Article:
Monthly Archives: March 2012

When you leave someone out, what are you missing?

At the invitation of the University of St. Thomas, Lifeworks and Midwest Special Services (MSS) joined forces to create an art exhibit for America’s largest diversity and inclusion conference, the Multicultural Forum on Workplace Diversity at the Minneapolis Convention Center. Diversity is Enrichment is an art installation of works presented by Lifeworks and MSS.

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The exhibit celebrates diversity and innovation in the workplace highlighted by a collection of human form sculptures created from reclaimed and found materials by artists with disabilities. Using re-purposed and recycled supplies demonstrates diversity and invites the viewer to consider innovative solutions.

The installation places over 35 sculptures in a circle – representing community, interdependence, and reliance on one another. Within the circle, each unique work of art represents the distinctive role of the individual in life and in our community.

Each figure plays an important role in the arrangement – which leads the audience to ask, “When you leave someone out, what are you missing?”

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Our Band Is Cool

Submitted by Jennie Delisi, music therapist/therapeutic services coordinator

With excitement and some nervousness, the band members of the AT Real-Time Band waited in the lobby of Augsburg College’s Foss Chapel for their turn to present.  They had prepared for weeks:  getting their powerpoint presentation together, practicing their songs, and planning out the event.  Like pros they got to the stage and set up.  This presentation was for the Spring Conference of the Music Therapy Association of Minnesota, and though they have played at conferences before, this was their first time doing a presentation and playing.  They did a fantastic job as they told the history of their band, how much fun they have had, and the surprises they have had along the way.

Clinicians afterward approached the band leader to tell her how inspired they were by seeing the band play and hearing their story directly from them.  They hoped to try having a similar band at their facilities, such as with individuals on ventilators.  They were excited to go back to their facilities and try different ways to use assistive technology to increase people’s independence to create and play music.

Below are the band members’ slides from their presentation.  The band performed Tequila and If I Had A Million Dollars.  A special thank-you on behalf of the band to the group home staff and family members who supported them to get to this event, as well as to Lifeworks staff:  Leah, Kelly, Annie and Jenna.  Stay tuned for an announcement about our next gig, coming soon!

lifeworks A.T. band slideshow

lifeworks A.T. band slideshow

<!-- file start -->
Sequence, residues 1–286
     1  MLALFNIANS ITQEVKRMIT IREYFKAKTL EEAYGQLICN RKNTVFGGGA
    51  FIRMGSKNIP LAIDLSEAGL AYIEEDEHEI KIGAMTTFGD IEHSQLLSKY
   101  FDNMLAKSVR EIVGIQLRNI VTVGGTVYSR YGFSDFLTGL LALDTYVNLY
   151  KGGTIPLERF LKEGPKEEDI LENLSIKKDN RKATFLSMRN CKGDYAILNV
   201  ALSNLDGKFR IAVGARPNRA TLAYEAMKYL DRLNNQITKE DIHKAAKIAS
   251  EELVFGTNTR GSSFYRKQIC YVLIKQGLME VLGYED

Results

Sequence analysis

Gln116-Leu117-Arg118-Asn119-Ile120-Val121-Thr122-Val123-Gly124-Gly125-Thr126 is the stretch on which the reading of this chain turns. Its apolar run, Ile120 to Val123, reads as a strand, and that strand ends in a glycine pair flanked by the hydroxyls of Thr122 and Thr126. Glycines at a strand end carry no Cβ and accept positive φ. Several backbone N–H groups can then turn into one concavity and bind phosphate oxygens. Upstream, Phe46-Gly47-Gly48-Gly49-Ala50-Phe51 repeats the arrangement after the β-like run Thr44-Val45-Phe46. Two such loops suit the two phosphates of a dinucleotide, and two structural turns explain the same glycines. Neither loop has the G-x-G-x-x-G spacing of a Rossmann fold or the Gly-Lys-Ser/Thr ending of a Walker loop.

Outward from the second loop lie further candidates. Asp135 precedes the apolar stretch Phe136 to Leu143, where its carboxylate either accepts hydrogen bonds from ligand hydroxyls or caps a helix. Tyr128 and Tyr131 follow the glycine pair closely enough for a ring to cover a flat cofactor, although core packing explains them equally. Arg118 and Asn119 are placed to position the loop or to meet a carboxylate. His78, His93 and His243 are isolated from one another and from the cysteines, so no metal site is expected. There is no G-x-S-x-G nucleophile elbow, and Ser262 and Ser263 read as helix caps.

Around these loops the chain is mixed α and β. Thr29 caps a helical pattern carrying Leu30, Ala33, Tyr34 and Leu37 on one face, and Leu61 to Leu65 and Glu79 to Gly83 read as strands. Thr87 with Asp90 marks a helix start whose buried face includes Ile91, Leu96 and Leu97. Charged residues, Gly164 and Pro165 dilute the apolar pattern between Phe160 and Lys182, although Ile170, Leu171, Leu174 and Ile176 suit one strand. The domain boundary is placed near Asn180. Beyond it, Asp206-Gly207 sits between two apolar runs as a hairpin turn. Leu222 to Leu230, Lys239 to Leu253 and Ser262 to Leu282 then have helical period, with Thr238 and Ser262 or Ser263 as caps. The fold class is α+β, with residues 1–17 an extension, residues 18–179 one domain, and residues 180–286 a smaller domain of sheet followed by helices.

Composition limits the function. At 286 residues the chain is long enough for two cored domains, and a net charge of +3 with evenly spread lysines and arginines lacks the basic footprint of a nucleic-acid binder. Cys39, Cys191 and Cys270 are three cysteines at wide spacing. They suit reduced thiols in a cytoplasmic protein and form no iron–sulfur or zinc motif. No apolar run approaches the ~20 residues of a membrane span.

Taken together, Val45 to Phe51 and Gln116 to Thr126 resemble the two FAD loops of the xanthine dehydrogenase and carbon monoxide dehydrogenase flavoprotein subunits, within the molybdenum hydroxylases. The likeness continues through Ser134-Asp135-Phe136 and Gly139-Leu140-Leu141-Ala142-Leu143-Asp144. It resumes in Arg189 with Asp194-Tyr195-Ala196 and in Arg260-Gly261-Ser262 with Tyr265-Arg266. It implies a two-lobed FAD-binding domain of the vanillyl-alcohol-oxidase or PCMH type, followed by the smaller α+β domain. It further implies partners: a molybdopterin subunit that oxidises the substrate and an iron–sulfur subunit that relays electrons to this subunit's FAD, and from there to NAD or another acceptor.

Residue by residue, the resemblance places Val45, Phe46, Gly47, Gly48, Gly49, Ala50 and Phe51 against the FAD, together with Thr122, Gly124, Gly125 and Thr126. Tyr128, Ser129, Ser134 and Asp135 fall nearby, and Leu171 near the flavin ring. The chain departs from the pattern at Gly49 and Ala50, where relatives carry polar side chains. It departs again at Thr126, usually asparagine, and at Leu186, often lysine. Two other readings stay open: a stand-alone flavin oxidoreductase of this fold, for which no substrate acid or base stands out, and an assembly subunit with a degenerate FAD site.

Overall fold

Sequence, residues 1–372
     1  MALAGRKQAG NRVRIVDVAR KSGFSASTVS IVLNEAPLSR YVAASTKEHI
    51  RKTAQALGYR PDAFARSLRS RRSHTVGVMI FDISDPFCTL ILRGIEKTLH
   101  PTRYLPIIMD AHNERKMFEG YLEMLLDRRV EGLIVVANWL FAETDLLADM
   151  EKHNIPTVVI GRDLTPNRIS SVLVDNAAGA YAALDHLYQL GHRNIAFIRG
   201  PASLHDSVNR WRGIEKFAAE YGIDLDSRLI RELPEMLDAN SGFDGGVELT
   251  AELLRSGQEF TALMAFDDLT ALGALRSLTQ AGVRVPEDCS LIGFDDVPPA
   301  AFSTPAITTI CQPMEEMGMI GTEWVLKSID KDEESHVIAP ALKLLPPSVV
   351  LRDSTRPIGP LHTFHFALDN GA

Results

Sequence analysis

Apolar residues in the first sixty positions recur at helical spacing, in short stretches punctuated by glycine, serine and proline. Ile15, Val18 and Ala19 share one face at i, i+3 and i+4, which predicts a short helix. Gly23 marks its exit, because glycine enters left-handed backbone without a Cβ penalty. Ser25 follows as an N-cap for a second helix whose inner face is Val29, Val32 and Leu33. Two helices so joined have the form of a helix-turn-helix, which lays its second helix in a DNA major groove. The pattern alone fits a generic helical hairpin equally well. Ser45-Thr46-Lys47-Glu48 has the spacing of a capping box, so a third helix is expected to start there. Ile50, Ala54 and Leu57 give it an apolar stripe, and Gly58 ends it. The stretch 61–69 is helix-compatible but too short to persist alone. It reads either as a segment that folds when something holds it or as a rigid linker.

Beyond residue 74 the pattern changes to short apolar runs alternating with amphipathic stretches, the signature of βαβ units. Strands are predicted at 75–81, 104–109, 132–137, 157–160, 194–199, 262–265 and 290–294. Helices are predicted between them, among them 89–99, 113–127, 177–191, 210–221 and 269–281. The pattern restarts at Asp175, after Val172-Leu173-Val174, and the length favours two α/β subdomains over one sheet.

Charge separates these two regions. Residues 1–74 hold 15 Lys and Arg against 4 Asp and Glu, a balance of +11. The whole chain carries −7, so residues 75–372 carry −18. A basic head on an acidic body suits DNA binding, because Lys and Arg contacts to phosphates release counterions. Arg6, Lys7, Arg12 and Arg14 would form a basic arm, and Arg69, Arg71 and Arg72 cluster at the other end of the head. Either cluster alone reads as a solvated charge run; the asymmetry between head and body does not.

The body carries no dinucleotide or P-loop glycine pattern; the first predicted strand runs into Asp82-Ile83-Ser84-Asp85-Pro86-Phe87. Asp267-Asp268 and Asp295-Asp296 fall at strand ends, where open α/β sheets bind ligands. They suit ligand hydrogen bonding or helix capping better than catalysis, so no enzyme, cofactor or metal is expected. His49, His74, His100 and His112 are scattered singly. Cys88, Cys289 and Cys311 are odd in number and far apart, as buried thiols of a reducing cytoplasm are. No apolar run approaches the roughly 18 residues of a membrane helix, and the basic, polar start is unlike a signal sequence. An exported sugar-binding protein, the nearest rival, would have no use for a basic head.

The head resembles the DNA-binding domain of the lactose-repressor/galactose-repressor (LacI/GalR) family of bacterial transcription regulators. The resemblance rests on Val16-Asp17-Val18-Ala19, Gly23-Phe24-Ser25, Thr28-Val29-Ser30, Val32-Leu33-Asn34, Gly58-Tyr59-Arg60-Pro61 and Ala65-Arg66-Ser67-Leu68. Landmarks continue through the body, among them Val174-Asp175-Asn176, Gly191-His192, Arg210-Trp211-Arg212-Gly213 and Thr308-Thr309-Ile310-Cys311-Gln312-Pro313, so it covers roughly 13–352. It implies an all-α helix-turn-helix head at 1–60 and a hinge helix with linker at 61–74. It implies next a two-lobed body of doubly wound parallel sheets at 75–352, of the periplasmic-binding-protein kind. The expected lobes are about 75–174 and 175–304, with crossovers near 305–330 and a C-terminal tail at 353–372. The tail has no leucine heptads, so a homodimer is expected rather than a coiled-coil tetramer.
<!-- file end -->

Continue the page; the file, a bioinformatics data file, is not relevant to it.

lifeworks A.T. band slideshow

lifeworks A.T. band slideshow

lifeworks A.T. band slideshow

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Where Should We Go for Lunch?

Submitted by: Kath Pengelly, volunteer and advocate coordinator at Lifeworks

Famous Civil Rights Activist, Cesar Chavez, once said, “If you really want to make a friend, go to someone’s house and eat with him.” Well every other Wednesday, Theresa and John Dahlberg have definitely extended their friendship to Scott Strohman(Lifeworks client) as they meet for lunch on the second floor of the Securian Building in downtown St. Paul for lunch.  

It isn’t exactly anyone’s house but instead a bustling gathering space on the second floor of a large corporation. A meal is shared, interesting conversation exchanged  and absolutely friendship has occurred. Recently, I had the pleasure of meeting with Theresa, John, Scott and his job coach, Beth Coppock. Theresa and John have now been volunteering during their lunch time for one and a half years. I asked them, “Why do you do this?” Theresa was quick to respond,

“Scott is so friendly, fun and he amazes John and I with his knowledge of sports and music. This is an easy way for us to volunteer and give back to our community.”  

Scott shares the same enthusiasm about the lunch time meetings. He said, “ It is so nice to have someone to talk to, and meet someone new. John likes sports too. I like having the company of others and finding out what they are like.” 

Theresa added, “Recently I ran into Scott outside of work. We both went to the Winter Carnival on the weekend. What a nice surprise to see him there too.” 

Theresa, Scott and John pictured together

Theresa, Scott & John

I asked if they would recommend this volunteer opportunity to anyone else. “Both John and Theresa answered at the same time, “Yes, this is an easy way to volunteer while you are at work- meet someone twice a month for an hour at a time.”  

Scott’s job coach, Beth Coppock, said that Scott’s job as a Securian Mail Center Messenger requires him to be completely focused on his work. Having a scheduled day and time to meet with Theresa and John is an intentional time to make a friend. Beth went on to say that there are other people served by Lifeworks at Securian who also have Securian volunteers meeting them for lunch but she can certainly use more. 

Having a friend is something we all want. Friendship expands our individual worlds. To have a friend and be a friend brings more meaning to our lives. If you currently work at one of our employers, contact me if you would like to schedule a lunchtime volunteer opportunity. If you would like to come to one of our centers for lunch, conversation and friendship, there are people waiting there too for a lunch time friend. Call me at 651-365-3720 or email me at kpengelly@lifeworks.org

Who knows where things will go over lunch? When I left Scott, Theresa and John they were heading toward the food court at the Norwest Center.

 

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